Department's proposals for sharpening and focusing the economic reality 
test.\85\ Therefore, potential transfers are discussed qualitatively 
with some numbers presented on a per worker basis. Potential transfers 
may result from differences in employer provided benefits, tax 
liabilities, and earnings between employees and independent 
contractors. Although employer-provided benefits could decrease, and 
tax liabilities could increase for these workers, the Department 
believes the net impact on total compensation should be small in either 
direction. Furthermore, in order to attract qualified workers, 
companies must offer competitive compensation. Therefore, in a 
competitive labor market, any reduction in benefits and increase in 
taxes is likely to be offset by

[[Page 60627]]

higher base earnings--referred to as an ``earnings premium.'' As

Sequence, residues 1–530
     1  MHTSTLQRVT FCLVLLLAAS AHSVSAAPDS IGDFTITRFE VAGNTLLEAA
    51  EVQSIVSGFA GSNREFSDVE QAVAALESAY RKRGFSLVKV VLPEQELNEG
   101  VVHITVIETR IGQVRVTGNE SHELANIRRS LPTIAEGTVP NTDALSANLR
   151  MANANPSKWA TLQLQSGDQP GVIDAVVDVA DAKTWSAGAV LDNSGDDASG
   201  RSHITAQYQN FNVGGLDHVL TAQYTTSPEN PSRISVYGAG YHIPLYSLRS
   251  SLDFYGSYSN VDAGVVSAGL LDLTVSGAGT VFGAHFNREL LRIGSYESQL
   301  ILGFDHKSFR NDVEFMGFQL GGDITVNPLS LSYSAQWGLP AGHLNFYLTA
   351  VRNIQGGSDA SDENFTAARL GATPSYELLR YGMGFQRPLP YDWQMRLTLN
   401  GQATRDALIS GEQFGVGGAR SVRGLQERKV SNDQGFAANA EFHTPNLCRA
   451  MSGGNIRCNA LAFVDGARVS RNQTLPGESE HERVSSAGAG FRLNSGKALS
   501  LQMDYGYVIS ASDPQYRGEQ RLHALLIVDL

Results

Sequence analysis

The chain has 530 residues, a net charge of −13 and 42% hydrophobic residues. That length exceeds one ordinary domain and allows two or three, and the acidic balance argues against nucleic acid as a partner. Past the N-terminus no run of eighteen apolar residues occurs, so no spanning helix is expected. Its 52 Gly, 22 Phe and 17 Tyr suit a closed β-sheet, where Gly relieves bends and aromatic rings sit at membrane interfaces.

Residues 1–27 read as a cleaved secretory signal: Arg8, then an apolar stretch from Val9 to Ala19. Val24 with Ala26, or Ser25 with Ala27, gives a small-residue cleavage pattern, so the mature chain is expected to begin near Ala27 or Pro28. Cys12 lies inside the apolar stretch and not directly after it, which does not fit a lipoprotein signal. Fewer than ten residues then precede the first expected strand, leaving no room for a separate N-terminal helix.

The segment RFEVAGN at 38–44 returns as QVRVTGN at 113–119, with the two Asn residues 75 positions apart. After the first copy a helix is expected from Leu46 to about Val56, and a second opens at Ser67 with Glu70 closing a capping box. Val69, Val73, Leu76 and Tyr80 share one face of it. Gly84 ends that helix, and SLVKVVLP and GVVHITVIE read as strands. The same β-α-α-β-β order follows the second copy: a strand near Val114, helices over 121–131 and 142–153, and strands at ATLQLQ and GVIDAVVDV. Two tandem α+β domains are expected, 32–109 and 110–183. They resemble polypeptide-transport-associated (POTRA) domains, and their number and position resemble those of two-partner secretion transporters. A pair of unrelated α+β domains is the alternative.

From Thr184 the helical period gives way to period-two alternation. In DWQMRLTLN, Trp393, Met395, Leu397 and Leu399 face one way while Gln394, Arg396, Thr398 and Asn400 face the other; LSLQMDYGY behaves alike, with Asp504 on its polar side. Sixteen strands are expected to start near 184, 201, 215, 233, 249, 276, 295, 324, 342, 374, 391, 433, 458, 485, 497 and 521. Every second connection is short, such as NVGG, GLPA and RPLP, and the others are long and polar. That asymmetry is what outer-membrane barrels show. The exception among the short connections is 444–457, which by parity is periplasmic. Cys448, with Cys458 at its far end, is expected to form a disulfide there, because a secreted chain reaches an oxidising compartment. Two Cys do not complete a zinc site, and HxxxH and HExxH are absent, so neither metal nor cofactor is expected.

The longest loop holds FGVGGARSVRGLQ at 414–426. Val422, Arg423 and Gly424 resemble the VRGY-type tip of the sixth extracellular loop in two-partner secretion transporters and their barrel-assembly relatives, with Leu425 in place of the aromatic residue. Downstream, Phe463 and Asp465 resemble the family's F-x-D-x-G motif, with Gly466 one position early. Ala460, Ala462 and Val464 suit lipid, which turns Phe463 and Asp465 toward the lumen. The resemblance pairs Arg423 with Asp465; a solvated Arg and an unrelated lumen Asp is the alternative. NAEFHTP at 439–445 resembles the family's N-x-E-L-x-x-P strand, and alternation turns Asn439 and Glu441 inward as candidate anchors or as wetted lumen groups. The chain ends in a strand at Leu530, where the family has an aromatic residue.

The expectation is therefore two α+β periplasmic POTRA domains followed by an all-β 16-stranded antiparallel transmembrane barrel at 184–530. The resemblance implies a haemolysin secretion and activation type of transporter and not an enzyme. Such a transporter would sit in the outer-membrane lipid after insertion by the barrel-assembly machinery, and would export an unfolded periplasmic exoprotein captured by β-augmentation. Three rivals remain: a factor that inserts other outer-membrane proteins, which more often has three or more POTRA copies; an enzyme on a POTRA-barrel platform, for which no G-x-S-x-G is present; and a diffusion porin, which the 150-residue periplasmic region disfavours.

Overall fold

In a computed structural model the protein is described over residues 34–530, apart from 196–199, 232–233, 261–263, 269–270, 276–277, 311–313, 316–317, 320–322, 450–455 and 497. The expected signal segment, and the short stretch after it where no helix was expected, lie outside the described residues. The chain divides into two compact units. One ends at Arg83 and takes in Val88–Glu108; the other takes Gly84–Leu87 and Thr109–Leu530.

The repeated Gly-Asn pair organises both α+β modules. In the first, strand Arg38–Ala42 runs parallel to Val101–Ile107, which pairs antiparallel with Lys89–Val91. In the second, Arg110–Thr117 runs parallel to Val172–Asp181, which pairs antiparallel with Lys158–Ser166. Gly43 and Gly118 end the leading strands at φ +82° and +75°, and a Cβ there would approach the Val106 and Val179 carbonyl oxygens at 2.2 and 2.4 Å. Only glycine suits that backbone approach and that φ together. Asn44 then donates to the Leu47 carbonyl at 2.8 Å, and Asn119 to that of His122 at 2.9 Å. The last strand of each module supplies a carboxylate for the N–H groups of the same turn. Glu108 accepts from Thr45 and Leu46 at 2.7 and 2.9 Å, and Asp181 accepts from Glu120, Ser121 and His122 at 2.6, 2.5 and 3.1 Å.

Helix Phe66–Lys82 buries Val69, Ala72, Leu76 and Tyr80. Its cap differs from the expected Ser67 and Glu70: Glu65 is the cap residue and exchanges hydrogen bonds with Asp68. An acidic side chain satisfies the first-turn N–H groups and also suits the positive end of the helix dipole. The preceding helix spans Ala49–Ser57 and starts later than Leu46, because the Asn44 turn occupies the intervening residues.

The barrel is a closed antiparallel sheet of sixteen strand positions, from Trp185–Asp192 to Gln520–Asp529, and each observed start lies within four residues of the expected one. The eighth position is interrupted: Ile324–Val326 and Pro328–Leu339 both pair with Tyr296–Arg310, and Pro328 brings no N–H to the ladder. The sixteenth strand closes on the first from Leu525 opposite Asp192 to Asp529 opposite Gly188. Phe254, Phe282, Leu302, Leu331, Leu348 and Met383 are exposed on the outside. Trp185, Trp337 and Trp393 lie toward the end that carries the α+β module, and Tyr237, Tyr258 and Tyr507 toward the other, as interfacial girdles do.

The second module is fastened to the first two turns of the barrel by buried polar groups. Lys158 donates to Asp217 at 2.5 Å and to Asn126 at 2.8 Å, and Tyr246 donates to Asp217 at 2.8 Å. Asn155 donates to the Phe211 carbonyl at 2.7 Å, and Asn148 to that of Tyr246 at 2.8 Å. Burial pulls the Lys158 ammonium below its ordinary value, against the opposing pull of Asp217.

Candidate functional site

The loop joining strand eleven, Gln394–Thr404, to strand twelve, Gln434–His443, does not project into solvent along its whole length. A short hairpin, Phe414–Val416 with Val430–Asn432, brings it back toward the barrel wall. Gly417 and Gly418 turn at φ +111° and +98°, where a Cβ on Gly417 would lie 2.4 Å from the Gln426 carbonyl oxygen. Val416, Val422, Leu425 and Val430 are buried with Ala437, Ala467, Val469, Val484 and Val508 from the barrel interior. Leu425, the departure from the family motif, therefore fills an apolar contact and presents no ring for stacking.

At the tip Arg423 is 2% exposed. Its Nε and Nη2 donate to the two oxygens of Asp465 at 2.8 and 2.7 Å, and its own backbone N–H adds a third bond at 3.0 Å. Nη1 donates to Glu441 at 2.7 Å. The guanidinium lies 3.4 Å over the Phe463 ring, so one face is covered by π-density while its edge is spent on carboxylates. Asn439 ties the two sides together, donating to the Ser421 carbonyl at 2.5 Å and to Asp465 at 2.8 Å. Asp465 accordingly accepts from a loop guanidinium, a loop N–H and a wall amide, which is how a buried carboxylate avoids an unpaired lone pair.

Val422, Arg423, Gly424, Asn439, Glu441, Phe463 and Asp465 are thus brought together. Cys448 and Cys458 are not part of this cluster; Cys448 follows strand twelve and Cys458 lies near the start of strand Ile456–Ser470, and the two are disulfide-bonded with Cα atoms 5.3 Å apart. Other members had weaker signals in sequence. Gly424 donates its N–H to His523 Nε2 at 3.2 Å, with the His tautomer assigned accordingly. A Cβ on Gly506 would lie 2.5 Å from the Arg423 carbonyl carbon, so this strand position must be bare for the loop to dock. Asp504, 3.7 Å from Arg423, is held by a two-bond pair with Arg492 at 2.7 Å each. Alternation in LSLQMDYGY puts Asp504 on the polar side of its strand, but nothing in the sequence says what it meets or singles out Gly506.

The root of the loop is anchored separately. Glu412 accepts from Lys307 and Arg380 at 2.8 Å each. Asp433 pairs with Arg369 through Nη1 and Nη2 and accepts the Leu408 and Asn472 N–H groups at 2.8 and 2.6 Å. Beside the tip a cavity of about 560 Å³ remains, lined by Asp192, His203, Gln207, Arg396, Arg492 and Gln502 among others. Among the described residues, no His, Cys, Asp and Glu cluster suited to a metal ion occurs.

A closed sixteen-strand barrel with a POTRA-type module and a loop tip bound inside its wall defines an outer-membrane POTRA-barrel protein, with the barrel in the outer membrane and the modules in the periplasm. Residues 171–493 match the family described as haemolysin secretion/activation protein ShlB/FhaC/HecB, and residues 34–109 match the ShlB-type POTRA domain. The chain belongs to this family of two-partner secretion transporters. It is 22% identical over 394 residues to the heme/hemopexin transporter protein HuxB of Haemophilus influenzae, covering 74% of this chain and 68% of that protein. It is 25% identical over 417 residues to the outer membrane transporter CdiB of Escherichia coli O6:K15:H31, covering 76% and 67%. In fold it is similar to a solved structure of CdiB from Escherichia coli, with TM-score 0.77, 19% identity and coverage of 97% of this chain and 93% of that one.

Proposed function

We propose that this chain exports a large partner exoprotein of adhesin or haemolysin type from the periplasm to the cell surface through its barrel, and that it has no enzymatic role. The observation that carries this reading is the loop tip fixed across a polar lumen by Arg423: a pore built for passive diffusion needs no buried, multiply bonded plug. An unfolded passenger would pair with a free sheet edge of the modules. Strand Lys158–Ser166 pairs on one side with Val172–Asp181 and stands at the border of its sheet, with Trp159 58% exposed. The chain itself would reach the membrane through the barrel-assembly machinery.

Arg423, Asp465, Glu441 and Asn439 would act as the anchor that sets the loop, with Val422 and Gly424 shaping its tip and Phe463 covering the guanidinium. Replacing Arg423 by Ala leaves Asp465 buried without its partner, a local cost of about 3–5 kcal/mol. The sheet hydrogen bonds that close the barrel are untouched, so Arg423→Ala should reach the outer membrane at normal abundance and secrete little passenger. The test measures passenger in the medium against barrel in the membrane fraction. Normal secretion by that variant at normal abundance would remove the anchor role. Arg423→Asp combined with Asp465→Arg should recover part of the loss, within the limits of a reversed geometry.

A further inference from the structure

explained elsewhere, however, the data provides mixed evidence of this 
earnings premium.
---------------------------------------------------------------------------

    \85\ Another uncertainty limiting the Department's ability to 
quantify the possible increase in independent contracting is the 
nature and effect of state wage and hour laws. Some states, such as 
California, have laws that place more stringent limitations on who 
may qualify as independent contractors than the FLSA. See Cal. Labor 
Code 2775 (establishing a demanding ``ABC'' test applicable to most 
workers when determining independent contractor status under 
California law). Because the FLSA does not preclude states and 
localities from establishing broader wage and hour protections than 
those that exist under the FLSA, see 29 U.S.C. 218(a), workers in 
some states may be unaffected by this proposed rule. However, 
because the Department is not well positioned to interpret the 
precise scope of each state's wage and hour laws, the Department is 
unable to definitively determine the degree to which workers in 
particular states would or would not be affected by this proposed 
rule.
---------------------------------------------------------------------------

    Assuming that independent contractor arrangements increase 
following this proposed rule, it is unclear whether this would occur as 
a result of employees being subsequently classified as independent 
contractors or as a result of the hiring of new workers as independent 
contractors. This will have implications for transfers. If current